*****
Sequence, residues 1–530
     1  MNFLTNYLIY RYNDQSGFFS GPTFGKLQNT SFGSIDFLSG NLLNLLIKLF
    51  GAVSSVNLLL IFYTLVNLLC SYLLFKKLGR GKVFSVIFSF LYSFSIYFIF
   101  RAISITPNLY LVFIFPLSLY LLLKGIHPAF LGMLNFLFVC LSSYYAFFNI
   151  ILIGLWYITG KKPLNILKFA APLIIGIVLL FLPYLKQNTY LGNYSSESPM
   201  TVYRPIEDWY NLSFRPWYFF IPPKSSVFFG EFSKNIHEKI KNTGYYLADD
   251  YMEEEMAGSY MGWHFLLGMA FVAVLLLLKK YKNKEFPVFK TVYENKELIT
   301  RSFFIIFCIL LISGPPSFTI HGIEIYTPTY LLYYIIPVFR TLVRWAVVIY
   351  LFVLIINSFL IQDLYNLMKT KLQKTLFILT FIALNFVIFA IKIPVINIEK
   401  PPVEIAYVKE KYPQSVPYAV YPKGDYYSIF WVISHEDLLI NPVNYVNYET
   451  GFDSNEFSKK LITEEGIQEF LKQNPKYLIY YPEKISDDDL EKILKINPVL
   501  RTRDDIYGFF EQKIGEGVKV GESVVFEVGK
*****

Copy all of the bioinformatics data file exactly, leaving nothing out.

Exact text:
Sequence, residues 1–530
     1  MNFLTNYLIY RYNDQSGFFS GPTFGKLQNT SFGSIDFLSG NLLNLLIKLF
    51  GAVSSVNLLL IFYTLVNLLC SYLLFKKLGR GKVFSVIFSF LYSFSIYFIF
   101  RAISITPNLY LVFIFPLSLY LLLKGIHPAF LGMLNFLFVC LSSYYAFFNI
   151  ILIGLWYITG KKPLNILKFA APLIIGIVLL FLPYLKQNTY LGNYSSESPM
   201  TVYRPIEDWY NLSFRPWYFF IPPKSSVFFG EFSKNIHEKI KNTGYYLADD
   251  YMEEEMAGSY MGWHFLLGMA FVAVLLLLKK YKNKEFPVFK TVYENKELIT
   301  RSFFIIFCIL LISGPPSFTI HGIEIYTPTY LLYYIIPVFR TLVRWAVVIY
   351  LFVLIINSFL IQDLYNLMKT KLQKTLFILT FIALNFVIFA IKIPVINIEK
   401  PPVEIAYVKE KYPQSVPYAV YPKGDYYSIF WVISHEDLLI NPVNYVNYET
   451  GFDSNEFSKK LITEEGIQEF LKQNPKYLIY YPEKISDDDL EKILKINPVL
   501  RTRDDIYGFF EQKIGEGVKV GESVVFEVGK